Die Maintenance & Repair: Optimizing Die Maintenance for Enhanced Productivity & Quality 

Your highest priority is making customer shipments daily, which immediately prioritizes press line productivity. Your focus is how to make a press run faster and more frequently. There is nothing wrong with addressing productivity at the press line, as long as you don’t stop there. A poorly defined die shop management system—including die maintenance and repair processes—can dramatically decrease press line productivity and increase costs.

What Is Die Maintenance?

Die Maintenace and Repair

Die maintenance refers to the systematic process of inspecting, repairing, and optimizing dies used in manufacturing processes. Die maintenance involves routine inspections to identify wear, damage, or defects, followed by necessary repairs and adjustments. Preventive maintenance is also a key aspect, aiming to address potential issues before they cause disruptions to production. 

Benefits of Preventative Die Maintenance

  • Improved equipment and system reliability
  • Reduction of unexpected breakdown
  • Decrease in expensive parts replacement
  • Extended equipment life
  • Better parts inventory management

The Cost of Poor Die Maintenance

Poor die maintenance causes quality defects during production, driving up sorting costs, increasing the likelihood of shipping defective parts to the customer, and risking expensive forced containments. Additional cost for scrap is visible. With the current logistical problems, we may even run our supplier out of material and be unable to meet your shipping obligations. Quality defects can force production runs to be cut short, leaving little time for effective die repair. Poor quality is expensive.

Lost press time while making temporary modifications “under the ram” is costly too. And there is more: subpar die changes under ram must be permanently corrected before the next production run, doubling the maintenance costs and potentially more lost press time.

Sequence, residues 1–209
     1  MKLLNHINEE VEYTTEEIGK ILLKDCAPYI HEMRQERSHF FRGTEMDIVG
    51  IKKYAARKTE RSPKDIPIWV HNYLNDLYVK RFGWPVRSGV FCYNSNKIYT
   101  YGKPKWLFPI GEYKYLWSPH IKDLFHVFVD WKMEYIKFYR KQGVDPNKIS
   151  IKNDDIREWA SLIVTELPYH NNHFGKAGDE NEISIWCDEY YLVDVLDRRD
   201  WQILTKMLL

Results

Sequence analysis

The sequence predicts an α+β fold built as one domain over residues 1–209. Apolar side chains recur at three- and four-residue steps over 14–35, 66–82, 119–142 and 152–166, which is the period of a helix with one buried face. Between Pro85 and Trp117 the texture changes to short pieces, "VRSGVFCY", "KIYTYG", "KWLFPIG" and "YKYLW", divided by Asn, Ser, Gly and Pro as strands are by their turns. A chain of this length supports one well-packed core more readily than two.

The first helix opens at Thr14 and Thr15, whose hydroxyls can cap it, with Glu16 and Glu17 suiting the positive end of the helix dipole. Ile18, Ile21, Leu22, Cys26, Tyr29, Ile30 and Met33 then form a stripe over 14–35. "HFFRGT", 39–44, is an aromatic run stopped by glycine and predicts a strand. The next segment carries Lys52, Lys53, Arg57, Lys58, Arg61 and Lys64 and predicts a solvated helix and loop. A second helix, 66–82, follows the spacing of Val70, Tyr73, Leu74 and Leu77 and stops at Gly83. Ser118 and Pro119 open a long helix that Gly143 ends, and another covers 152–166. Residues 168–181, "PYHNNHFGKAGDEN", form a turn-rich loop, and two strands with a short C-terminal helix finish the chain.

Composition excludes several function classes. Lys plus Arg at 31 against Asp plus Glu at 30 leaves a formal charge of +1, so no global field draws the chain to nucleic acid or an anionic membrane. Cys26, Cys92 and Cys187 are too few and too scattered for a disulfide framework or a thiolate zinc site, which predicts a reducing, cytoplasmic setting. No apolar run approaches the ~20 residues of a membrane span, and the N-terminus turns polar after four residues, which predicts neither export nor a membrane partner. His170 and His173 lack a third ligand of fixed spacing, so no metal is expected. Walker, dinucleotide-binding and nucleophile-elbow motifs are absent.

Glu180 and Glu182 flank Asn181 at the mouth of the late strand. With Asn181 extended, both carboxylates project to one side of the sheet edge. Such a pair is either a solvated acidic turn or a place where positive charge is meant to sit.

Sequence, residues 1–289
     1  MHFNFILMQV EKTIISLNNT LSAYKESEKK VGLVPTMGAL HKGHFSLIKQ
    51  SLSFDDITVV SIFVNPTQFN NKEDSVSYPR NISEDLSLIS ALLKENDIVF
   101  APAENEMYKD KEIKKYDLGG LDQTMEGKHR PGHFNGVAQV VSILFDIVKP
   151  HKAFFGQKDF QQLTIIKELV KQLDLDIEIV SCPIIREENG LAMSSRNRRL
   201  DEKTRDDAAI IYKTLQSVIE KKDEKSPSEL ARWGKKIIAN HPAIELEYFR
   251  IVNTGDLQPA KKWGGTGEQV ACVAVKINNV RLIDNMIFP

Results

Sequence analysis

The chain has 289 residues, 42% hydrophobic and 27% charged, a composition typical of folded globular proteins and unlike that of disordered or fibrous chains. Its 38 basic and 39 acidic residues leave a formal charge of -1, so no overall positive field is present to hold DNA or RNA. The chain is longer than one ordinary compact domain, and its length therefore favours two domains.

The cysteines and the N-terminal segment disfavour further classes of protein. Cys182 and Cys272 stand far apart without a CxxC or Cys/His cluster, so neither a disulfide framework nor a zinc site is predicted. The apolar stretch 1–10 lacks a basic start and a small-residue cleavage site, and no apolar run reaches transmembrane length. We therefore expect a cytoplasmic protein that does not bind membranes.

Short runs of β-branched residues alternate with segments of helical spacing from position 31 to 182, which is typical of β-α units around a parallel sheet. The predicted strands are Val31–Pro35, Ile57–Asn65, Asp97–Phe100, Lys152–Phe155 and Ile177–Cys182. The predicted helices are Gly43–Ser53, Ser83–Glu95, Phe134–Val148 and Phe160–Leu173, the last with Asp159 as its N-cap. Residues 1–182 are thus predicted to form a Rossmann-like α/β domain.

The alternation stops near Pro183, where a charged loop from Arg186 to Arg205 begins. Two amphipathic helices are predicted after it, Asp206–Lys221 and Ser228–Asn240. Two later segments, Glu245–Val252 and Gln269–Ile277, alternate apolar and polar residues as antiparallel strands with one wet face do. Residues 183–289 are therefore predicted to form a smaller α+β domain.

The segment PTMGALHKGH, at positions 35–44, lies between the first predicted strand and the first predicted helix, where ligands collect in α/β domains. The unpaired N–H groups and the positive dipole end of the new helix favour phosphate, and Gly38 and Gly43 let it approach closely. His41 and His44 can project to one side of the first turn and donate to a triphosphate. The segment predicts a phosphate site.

If we are lucky, that buckle or split we were trying to fix has temporarily disappeared, but new variation has been introduced to the part. Assembly must alter fixtures, clamping, and robotics to compensate for this variation. And after all that, assembly will have to reverse all the changes made as permanent die corrections are implemented. Creating a robust die shop management system will decrease visible and invisible costs at the press line, shipping, and assembly before they occur.

Streamlining Die Repair & Maintenance Tasks

Leading manufacturing theories used daily by production are not commonly applied to your die shop management system. If you can correctly implement them, you can reduce die repair turnaround and inventory (number of dies at repair) and improve the quality of the repair. The critical path to streamline die repair tasks, root cause analysis to guarantee we fix the actual problem, and standardizing work for ease of training and quality of repair are just a few examples.

Streamlining Die Repair & Maintenance Tasks

When applying Lean tools to your die shop maintenance system, it can be difficult to adapt the tool, so it has the desired impact. For example, you cannot take your single-piece-flow process at a transfer line and implement it in your die maintenance area. But we can use single-piece flow principles to improve the die repair flow through the repair area, jump-starting the value-added repair work and increasing die repair throughput. 

Doing the Right Work, on the Right Die, at the Right Time